Member since: Tue Jul 10, 2007, 03:49 PM
Number of posts: 17,914
Number of posts: 17,914
I had some time in the car, and given yesterday's events, I figured I'd get my schadenfreude on, and I sampled some right wing radio nuts.
And at least one of them actually expressly stated he was "too depressed" about the prospect of the government re-opening.
Now, just think about that for a minute. What are they really depressed about?
They're depressed about the government worker who will be able to collect a paycheck again and can put his or her money back in the economy.
They're depressed that national parks are open, and not only do the parks themselves go back to business, but the nearby hotels, restaurants, gas stations, shops and other businesses surrounding the park that are so dependent on tourism also get to go back to business.
They're depressed that our food will be properly inspected again.
They're depressed that the federal government that our taxes go to fund is actually up and running again like it is supposed to be, instead of acting as a $24 billion pit.
I'm just left speechless at this. Are people that politically blinded that they don't actually understand that our government re-opening should be applauded as a good thing?
Posted by Tommy_Carcetti | Thu Oct 17, 2013, 12:46 PM (57 replies)
I'm perfectly fine that there's no White Entertainment Television. I'm perfectly fine that there's no White History Month. I'm perfectly fine that colleges don't have White Student Organizations and that there's no National Association for the Advancement of White People.
All this ridiculous whining and consternation from some white people that they don't "get" the same cultural markers as black people or they don't get to say certain terms about African Americans even though blacks use that same term. It's ridiculous. It's insane. You're forcing the issue and you ought to give up, because you look like fools.
Let me tell you something. If for the first century of this country's history white people were considered property and not full human beings, and for the second century of this country's history white people were subjected to institutionalized segregation laws, and for the third century white people had to deal with the lingering after-effects of the first and second centuries, then all of those things would be perfectly okay for white people.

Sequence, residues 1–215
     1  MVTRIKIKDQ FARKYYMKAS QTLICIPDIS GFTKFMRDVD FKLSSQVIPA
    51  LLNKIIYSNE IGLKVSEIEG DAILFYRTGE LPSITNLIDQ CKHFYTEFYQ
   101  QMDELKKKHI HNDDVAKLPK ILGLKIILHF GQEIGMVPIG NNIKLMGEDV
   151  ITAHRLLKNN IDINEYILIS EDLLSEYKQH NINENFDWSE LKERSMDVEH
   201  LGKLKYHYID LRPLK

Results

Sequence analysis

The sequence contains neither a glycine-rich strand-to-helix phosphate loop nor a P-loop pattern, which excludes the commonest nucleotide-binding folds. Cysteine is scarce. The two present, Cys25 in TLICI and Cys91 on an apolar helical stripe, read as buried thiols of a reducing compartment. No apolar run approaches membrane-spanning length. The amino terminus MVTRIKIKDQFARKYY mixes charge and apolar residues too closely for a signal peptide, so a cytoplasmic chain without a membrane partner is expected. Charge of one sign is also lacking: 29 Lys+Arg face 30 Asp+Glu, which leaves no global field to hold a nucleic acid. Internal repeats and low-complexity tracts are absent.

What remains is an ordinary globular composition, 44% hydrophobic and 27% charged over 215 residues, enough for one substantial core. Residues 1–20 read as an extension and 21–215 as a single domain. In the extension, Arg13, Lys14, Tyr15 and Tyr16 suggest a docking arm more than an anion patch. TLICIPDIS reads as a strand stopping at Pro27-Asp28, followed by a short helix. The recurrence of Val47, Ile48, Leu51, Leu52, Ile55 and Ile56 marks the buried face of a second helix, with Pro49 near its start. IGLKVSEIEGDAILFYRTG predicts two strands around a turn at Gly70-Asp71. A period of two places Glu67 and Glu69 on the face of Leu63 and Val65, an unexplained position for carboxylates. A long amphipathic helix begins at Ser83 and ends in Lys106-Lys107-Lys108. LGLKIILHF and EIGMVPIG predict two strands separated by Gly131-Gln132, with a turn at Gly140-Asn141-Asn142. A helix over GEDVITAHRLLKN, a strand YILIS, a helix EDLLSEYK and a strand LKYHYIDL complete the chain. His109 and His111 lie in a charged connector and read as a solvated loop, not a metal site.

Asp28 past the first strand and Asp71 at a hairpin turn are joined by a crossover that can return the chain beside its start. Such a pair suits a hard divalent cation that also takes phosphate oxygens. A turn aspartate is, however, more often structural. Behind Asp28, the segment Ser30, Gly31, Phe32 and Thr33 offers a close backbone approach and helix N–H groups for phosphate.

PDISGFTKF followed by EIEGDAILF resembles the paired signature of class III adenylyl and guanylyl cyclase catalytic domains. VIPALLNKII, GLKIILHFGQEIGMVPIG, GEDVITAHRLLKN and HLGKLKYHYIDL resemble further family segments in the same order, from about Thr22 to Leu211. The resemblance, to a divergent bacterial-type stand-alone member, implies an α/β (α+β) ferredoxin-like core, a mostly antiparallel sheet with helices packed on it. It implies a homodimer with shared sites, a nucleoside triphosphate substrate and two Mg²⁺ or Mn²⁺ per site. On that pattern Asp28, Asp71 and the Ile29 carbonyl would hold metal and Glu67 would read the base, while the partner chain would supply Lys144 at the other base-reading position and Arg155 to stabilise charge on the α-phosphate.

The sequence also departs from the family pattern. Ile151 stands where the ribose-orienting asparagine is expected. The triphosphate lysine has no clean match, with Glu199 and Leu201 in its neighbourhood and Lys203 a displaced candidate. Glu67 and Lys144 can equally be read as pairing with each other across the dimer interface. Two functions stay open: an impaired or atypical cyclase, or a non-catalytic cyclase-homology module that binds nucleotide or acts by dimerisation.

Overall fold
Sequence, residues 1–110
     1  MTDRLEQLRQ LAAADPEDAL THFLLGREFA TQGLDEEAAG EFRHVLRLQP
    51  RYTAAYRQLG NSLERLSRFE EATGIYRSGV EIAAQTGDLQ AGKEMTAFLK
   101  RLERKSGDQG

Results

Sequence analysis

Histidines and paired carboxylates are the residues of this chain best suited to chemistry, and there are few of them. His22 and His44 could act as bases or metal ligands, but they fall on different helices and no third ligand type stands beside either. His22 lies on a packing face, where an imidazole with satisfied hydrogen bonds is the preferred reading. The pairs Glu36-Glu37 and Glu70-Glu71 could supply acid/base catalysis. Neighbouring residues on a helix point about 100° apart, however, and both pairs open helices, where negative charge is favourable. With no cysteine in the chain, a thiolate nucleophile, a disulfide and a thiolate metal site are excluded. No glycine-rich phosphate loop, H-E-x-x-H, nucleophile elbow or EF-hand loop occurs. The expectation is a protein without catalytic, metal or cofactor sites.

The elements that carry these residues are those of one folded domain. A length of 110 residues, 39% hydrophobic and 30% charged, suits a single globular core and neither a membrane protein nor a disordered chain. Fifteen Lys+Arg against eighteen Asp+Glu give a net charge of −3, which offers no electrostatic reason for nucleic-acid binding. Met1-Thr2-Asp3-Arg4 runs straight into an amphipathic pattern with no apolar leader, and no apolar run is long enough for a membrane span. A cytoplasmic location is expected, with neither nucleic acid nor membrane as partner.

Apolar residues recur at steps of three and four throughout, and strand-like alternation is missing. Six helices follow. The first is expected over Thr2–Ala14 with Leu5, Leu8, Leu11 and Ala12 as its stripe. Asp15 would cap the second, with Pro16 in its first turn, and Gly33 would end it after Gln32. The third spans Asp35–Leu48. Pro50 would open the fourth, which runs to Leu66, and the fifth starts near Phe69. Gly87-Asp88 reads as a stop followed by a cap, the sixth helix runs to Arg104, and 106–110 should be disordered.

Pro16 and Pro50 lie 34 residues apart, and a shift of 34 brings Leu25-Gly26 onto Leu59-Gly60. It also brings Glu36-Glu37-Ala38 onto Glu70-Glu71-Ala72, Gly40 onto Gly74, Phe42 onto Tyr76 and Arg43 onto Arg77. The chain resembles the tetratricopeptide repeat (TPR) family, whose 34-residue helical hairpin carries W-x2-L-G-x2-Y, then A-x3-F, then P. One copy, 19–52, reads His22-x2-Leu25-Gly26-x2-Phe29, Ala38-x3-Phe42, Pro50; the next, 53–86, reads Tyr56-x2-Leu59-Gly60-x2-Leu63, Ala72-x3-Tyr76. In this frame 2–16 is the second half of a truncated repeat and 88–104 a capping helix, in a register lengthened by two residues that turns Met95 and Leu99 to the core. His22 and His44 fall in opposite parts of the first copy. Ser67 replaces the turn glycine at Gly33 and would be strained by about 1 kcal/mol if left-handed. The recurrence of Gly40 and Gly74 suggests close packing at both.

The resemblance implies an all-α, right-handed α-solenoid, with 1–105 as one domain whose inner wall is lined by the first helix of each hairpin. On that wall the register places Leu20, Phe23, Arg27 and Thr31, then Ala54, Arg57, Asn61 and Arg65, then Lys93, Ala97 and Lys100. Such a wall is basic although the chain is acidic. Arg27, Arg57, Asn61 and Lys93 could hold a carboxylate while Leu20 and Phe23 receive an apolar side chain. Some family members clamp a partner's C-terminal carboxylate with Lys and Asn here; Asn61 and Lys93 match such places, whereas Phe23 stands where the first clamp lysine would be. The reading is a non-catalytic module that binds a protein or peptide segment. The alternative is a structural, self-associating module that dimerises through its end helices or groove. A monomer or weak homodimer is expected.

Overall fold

Most African Americans in this country have had a shared cultural experience, one marked with both great trauma and overcoming such trauma, that allows them to identify with each other as a race.
White people in this country have never had that. Not as a race. Many of us have a cultural identity with the country in which your family has its origins (Italian, Irish, Polish, etc.) and that's terrific. Because when the Italians and Irish and Polish crossed the ocean to this country, they too had a shared cultural experience in that aspect, and that's something you can pass on to future generations.
But there is no White American culture to speak of in this country. It's a myth. And that's perfectly fine with me.
Posted by Tommy_Carcetti | Thu Jul 18, 2013, 11:18 AM (135 replies)
Please forgive me for bringing up the Catholic topic, but with the selection of the new Pope a little less than a week ago, I wanted to put in my two cents while there was still some newsworthiness about the story and before my thread gets locked and I am forced to post it in a forum that--face it--barely any of you would ever read.
But in many threads, I noticed a good amount of either non-Catholics or longtime former Catholics very angry at the church (for reasons usually justifable, I would add) demanding currently active Catholics on this board (which as we all know is comprised of Democrats, liberals and progressives) leave the church, or at least cease participating in the church or donating money towards church related causes. Usually, this is on the grounds of either the Church's atriocious (and sometimes criminal) handling of the well-publicized sex abuse scandal, or based on the generally conservative (at least socially conservative) outlook by a majority in the ranks of the Church's heirarchy.
Again, for the most part, the criticisms voiced are typically valid and well founded. But I do believe those persons demanding that us active Catholics who also call ourselves liberals or Democrats leave their Church in protest don't fully understand the context from where most Catholics are coming from. Especially in light of the reforms enacted after the Vatican II council, where lay persons were encouraged to take a more active in participating in the religion. (Contrary to what some might think, Vatican II was more than just about having masses said in the native tongue as opposed to in Latin; it was intended to change the entire outlook lay Catholics took towards their faith.)